We Learn Something From Every Review + a Giveaway

We Learn Something From Every Review + a Giveaway

Being part of the small #Austenesque writers’ community (although one which grows every day), I have observed in myself something which undoubtedly (given the posts and comments I have read) is common from author to author. We all obsess over the reviews of our books.

Now, that is nothing new. All we need to do is to watch any Black and White offering from the 1930s or 40s where the actors, producers, and director are clustered in Sardi’s awaiting the reviews from the opening night. However, these notices in the six or seven major New York dailies would spell life or death for the show. Good reviews and the show would go on. Bad reviews mean that losses must be cut. In the end, the show quickly closes, never again to be mentioned except in the obituaries of its creators. And, even then, if theirs was a generally successful collaboration, the failures would be relegated to an obscure mention.

While it is true that good or bad reviews impact the sales of print and e-books, neither good nor bad comments will affect the actual availability of the book (unless the author withdraws it). The offering will always be there with its trail—either long or short…or in between—of stars shining for all to see. An author’s legacy is based upon reader impressions of their work.

So, it is a natural human impulse to focus on the ratings given by our readers. Yet, sometimes it is an equally normal behavior to only focus on the number of stars awarded. “Oh lord…a two-star just got posted!” or “Yipee…another five-star!”

I have found that I, myself, am guilty of this. Part of me wants to replicate the broader memes within works that generated a positive reviews and to avoid stylizations that earned two-stars. The danger of this is that the rating is not the review. And that is the purpose of this post.

Uncomfortable as it may be, an author (not a writer) needs to read the motivation behind the rating. And, boy does that hurt!”

However, #Austenesque readers are quite astute. They quickly understand that authors do what they do because it satisfies some inner urge and not just to lay thousands of words down over the course of weeks and months in order to make money (although we must recall that Charles Dickens was paid by the word). Thus, consumers of works #InspiredByAusten offer cogent and erudite comments that can be useful to authors seeking to improve their craft.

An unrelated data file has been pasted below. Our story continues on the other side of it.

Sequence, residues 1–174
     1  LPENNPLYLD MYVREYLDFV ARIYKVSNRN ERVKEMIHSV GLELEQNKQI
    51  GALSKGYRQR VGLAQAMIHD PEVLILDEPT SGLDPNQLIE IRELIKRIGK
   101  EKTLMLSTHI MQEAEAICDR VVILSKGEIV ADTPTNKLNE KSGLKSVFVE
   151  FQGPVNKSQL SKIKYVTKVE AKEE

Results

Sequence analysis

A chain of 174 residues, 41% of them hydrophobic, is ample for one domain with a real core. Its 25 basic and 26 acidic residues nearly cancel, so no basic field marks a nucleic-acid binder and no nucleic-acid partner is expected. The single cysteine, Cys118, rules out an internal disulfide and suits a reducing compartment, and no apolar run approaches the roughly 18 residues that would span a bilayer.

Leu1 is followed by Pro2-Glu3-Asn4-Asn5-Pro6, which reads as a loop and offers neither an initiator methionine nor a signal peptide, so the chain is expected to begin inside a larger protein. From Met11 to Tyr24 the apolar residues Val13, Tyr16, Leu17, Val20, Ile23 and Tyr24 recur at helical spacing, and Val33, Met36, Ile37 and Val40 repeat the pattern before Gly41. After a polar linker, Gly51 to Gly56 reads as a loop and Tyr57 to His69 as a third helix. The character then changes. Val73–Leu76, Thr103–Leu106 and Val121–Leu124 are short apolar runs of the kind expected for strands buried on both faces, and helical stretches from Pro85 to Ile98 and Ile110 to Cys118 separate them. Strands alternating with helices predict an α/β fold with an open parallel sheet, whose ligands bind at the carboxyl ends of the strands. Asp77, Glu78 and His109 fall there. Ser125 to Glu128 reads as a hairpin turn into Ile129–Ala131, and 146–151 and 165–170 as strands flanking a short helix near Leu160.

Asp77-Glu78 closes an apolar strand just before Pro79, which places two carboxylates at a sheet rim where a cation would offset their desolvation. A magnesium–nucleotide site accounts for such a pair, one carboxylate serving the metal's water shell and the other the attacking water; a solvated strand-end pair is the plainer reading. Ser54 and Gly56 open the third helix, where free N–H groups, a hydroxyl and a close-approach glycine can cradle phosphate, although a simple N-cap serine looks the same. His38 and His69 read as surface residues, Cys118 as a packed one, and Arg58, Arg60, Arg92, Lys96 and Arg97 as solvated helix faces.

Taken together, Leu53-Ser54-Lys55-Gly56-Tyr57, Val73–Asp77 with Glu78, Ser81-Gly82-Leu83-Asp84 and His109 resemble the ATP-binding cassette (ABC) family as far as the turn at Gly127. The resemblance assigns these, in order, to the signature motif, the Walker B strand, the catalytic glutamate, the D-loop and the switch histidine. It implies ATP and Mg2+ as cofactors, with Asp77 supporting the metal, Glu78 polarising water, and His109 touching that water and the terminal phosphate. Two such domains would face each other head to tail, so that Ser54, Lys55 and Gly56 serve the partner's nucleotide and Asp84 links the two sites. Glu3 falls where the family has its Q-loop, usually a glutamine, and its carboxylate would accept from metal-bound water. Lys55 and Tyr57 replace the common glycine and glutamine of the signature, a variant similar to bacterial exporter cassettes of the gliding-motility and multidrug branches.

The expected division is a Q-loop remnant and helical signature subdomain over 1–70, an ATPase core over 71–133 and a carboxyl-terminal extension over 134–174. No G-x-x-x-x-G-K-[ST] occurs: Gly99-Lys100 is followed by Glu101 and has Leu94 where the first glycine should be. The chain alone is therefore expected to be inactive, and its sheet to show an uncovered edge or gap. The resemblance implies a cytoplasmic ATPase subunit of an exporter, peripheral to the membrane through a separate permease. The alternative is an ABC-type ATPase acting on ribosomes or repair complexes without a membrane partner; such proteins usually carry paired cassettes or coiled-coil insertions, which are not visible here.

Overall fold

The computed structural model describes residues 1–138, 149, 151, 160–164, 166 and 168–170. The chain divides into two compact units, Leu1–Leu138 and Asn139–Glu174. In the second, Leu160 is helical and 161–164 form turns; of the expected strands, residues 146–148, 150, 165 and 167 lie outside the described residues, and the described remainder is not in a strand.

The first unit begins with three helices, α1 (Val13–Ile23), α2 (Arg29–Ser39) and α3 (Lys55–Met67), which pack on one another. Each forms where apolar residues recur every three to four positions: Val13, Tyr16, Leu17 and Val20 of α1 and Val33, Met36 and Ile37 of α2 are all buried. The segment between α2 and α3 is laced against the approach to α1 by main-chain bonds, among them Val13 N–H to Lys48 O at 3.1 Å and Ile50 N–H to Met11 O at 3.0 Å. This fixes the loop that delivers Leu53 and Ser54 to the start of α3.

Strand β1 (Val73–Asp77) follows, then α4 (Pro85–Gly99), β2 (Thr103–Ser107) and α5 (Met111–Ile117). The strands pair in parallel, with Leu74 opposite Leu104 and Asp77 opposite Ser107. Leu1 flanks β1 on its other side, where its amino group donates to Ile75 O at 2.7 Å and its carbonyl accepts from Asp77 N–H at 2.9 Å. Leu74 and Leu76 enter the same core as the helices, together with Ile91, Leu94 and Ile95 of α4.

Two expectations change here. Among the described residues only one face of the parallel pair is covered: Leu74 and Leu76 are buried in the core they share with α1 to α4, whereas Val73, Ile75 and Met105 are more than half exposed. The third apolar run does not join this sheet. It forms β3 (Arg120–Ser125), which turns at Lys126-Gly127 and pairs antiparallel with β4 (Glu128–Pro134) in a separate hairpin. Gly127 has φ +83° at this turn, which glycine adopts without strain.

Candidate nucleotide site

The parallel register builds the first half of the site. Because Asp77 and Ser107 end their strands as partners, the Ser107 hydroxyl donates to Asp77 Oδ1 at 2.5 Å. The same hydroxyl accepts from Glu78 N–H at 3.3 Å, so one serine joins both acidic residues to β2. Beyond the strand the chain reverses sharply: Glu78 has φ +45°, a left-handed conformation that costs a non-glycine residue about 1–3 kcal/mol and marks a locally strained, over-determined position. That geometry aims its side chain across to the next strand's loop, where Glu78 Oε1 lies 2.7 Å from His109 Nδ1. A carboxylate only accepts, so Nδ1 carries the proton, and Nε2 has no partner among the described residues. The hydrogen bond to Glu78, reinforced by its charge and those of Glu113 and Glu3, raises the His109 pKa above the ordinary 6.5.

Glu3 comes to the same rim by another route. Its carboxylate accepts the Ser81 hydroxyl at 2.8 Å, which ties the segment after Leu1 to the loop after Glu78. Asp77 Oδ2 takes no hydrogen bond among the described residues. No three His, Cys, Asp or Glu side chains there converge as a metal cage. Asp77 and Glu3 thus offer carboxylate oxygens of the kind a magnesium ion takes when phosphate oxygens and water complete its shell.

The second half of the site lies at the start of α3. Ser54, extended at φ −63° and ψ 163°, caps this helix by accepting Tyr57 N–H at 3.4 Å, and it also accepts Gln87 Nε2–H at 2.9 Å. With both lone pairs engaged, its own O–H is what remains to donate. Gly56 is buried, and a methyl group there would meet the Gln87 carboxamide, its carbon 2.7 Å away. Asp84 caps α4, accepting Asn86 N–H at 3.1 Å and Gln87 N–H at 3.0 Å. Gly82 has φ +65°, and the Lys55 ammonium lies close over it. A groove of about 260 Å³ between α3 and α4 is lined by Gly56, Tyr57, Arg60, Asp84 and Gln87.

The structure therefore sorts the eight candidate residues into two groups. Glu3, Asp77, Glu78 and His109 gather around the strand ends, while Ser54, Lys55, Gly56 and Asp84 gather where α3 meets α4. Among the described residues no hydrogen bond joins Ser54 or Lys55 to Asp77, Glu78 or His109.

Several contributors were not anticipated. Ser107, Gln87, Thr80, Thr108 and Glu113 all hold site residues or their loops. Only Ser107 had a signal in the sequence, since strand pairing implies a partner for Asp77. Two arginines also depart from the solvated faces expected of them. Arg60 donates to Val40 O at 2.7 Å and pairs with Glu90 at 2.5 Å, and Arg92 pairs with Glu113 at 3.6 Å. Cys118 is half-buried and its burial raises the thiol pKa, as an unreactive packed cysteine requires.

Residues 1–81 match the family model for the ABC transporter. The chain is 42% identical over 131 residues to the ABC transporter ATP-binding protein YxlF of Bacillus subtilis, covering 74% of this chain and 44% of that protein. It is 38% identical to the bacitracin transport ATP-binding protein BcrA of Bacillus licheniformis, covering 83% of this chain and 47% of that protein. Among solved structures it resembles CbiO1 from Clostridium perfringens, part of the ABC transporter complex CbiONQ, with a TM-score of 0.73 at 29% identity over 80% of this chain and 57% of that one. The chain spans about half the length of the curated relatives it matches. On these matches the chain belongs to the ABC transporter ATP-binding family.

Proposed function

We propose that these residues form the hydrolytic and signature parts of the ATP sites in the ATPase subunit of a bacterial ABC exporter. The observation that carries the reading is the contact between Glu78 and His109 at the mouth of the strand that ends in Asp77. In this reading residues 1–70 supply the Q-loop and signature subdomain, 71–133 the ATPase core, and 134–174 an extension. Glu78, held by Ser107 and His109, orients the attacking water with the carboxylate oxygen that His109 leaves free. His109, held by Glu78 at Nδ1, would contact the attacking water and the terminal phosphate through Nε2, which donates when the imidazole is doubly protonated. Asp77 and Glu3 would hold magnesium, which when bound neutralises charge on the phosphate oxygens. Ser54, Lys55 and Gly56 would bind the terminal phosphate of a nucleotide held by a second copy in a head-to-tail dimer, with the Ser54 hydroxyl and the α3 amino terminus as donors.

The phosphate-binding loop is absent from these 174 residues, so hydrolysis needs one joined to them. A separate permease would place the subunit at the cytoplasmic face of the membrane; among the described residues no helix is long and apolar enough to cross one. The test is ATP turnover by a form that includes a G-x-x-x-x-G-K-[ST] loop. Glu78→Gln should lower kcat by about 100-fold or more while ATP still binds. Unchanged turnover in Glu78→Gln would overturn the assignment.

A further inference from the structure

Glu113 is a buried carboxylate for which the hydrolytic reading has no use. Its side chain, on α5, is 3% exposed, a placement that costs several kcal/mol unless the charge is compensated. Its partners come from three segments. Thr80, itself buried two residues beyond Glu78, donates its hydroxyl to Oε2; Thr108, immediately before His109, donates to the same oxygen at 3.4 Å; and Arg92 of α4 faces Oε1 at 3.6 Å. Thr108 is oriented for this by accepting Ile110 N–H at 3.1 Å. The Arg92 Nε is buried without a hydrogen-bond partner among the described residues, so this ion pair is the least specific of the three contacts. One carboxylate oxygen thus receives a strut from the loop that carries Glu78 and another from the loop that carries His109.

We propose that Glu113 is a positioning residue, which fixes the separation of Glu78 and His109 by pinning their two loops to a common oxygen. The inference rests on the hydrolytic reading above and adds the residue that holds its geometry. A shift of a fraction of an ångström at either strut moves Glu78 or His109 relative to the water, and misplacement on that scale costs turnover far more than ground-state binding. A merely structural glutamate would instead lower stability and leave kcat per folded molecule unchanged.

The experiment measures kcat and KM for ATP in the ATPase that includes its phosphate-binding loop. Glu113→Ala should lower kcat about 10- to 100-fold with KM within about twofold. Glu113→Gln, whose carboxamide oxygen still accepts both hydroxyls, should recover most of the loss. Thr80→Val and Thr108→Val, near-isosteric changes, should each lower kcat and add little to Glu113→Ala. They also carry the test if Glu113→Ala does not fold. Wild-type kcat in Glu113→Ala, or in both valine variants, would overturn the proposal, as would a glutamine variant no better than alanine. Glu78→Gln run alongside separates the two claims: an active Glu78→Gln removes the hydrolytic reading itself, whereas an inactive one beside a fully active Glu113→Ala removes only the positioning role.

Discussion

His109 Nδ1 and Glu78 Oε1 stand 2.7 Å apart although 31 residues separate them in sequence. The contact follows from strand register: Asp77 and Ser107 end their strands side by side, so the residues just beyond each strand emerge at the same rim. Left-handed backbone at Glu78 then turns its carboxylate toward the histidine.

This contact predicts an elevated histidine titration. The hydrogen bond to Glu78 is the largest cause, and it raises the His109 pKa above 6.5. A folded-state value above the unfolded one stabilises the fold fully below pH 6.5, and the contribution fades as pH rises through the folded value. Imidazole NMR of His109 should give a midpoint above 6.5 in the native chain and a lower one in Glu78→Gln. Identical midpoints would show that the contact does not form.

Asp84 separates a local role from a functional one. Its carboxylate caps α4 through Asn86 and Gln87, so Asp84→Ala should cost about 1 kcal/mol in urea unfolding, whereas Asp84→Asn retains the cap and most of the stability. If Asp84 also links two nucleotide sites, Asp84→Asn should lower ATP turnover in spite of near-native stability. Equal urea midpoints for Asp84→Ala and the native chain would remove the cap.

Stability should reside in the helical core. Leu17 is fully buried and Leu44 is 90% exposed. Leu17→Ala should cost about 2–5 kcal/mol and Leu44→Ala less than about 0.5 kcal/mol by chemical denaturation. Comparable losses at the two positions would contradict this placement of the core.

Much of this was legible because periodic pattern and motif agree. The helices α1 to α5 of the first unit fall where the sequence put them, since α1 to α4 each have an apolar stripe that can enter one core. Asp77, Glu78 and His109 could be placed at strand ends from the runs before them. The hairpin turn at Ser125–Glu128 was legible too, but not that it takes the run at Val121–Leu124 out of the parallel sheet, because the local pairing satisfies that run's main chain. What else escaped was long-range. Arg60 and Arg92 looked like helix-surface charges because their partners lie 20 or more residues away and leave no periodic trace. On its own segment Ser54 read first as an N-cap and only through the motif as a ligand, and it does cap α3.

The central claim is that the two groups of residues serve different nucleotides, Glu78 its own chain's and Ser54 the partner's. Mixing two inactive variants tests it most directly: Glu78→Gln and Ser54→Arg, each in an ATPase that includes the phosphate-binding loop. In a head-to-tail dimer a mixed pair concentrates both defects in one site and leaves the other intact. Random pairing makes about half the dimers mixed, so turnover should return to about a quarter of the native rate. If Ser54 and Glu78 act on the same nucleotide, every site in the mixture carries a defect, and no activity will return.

I offer for your consideration (apologies to Rod Serling) some reviews with annotations by this commentator.

3 Star Review of “The Keeper” by H. Bok

“I knocked off a star because the author’s grasp of Regency language, manners, and mores was not up to the level of his grasp of history.”

This caught my eye. You need to recall that The Keeper: Mary Bennet’s Extraordinary Journey was written between October 2015 and April 2016. T’was my first foray into the genre. I dove back into the manuscript and re-read it with an eye toward if not the actual language, then the tone. What I found was a 21st Century transliteration of the imagined Regency World. I am now on the third polish (obviously a work in progress) of The Keeper.

Plus, I discovered that I needed beta readers who were versed in the dimensions of the genre. I am not faulting either of my betas for The Keeper, but neither were imbued in the styles of two centuries ago. Others now critique my first drafts.

As for the language itself, I have sought to moderate my worst tendencies in my use of modern English. While I do not actually try to recreate 19th Century British English, what I do write is my best estimation of what readers (not scholarly ones) imagine the speech of the 19th Century was like.

2 Star Review of “The Exile Part 1”

“While I’m intrigued by the premise, (spoiler alert, sorry!) I’m not one to read scenes of violence on females.”

Yet a 4 Star Review for the same…

“The story is a fascinating one and I understand why it has been told in this manner:…I worked with abused women and children and know that it is very difficult now to allow things done to a person to forever make a mark on one’s life. This story has the best treatment and rehabilitation for a person so scarred.”

How does one deal with this? There were similar comments about the graphic scene in Hyde Park in Of Fortune’s Reversal.